Labor backs down on East West Link

September 12, 2014
Activists protesting on the day Lend Lease won the contract to build the East West Link.

The Coalition government in Victoria has disregarded public opposition and transparency and named a Lend Lease consortium to carry out phase one of the $6-8 billion East West Link toll road.

In a big step forward for the campaign to stop the new road, the Labor Party has announced that, if elected in November, it would not honour the contracts if they are signed before the elections. This reversal of their previous position has come about because of the large pressure from the public, who are overwhelmingly opposed to the project.

Moreland and Yarra councils have launched a legal challenge against the project, arguing the planning minister failed to meet key legislative requirements when he approved the project. If Labor is elected, it has promised no to oppose the councils in the case, due to be heard on December 15. This will increase the likelihood of the case being successful.

Moreland City Councillor Sue Bolton, who moved the council motion that led to the court challenge, said: “It has been grassroots community pressure which has forced Labor to go from a commitment to build the road to saying that it won't recognise dodgy contracts.

”However, we haven't won yet. We have to maintain the pressure.”

The entire project is bigger than many federal undertakings and is expected to cost between $14 billion and 18 billion when both phases are completed.

Residents, activists, environmentalists and councils in the city have been opposing the tunnel with pickets of drilling sites, rallies and demonstrations. At least two local councils in Melbourne have opposed the project and legal challenges have been mounted.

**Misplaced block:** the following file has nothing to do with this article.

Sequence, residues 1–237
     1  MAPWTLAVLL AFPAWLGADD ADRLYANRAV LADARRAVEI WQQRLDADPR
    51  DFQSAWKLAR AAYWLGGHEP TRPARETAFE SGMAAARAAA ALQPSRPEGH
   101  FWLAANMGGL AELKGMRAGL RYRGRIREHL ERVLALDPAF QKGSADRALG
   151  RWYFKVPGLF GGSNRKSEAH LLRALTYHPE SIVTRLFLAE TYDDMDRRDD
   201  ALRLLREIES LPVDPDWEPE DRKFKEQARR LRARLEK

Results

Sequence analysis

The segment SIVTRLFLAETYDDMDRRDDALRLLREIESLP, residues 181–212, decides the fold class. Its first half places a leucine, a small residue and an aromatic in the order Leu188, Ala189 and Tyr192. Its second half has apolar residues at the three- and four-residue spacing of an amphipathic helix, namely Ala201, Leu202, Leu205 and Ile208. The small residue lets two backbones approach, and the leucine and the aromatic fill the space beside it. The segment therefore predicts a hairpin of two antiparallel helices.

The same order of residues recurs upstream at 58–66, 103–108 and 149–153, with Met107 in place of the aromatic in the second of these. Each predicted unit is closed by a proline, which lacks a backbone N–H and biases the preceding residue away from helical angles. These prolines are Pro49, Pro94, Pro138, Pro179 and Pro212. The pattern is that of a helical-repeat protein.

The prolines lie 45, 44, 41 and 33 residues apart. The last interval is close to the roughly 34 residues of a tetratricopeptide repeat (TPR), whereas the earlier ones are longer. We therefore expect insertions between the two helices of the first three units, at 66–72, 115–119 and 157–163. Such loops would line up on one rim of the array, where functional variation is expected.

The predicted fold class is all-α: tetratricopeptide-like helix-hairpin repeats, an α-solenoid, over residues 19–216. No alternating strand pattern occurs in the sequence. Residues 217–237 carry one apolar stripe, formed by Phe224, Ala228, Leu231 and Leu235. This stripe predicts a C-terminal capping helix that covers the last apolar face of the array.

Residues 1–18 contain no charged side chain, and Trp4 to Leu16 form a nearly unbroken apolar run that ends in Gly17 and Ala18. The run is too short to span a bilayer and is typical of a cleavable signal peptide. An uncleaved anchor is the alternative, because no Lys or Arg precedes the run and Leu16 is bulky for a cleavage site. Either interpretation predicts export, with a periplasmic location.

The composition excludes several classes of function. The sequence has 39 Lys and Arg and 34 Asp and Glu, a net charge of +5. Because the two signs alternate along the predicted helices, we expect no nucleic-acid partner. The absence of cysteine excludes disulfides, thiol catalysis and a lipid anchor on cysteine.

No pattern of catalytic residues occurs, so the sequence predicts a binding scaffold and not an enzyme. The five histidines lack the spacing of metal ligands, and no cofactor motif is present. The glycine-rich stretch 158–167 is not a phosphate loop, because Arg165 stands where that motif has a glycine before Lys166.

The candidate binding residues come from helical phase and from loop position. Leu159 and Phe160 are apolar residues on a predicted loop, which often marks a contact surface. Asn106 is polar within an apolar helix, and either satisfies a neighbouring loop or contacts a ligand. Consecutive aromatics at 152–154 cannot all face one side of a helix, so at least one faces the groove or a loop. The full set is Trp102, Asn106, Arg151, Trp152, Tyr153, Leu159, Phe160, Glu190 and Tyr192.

The state election in November means the government is rushing through contracts, rather than heeding calls to let people decide at the polls.

The East West Link is an infeasible and costly project that would lock out resources for a much-needed expansion of public transport that would be a solution to traffic congestion in Victoria. A train line on the Eastern Freeway, for example, would take thousands of cars off the road (an estimated 800 cars per train at peak times).

But the Coalition is pushing an environmentally, socially and economically disastrous project to benefit a handful of powerful corporations that will feed off public funds for decades in the guise of public-private partnerships.

The contracted building consortium comprises Lend Lease, a big building and infrastructure corporation convicted for fraud in the US; its finance partnership arm Capella Capital; Acconia; and French corporation Bouygues.

Infrastructure Australia chief executive John Fitzgerald has warned the opposition that failing to honour the contracts would harm business confidence in the state. He also threatened to withhold federal funding for other state infrastructure if Labor opposes the project, the Age reported on September 12.

Labor does not have to wait until the election to stop the project. It has the numbers in parliament, with the support of independent Geoff Shaw, to stop the contracts being signed now. The public should demand Labor move a motion in parliament against signing the contract, caution the bidders of commercial risk if they went ahead with the negotiations and go the elections on the platform that it would scrap the contracts if elected.

However, the best way of stopping the East West Link toll road disaster is for communities to mobilise against the government and the bidders, and demand the issue be taken to the election.

[Join Moreland Community Against the East West Tunnel for a public meeting on the campaign on Thursday, October 9 at 7pm, Coburg Court House, 1A Main St, Coburg.]

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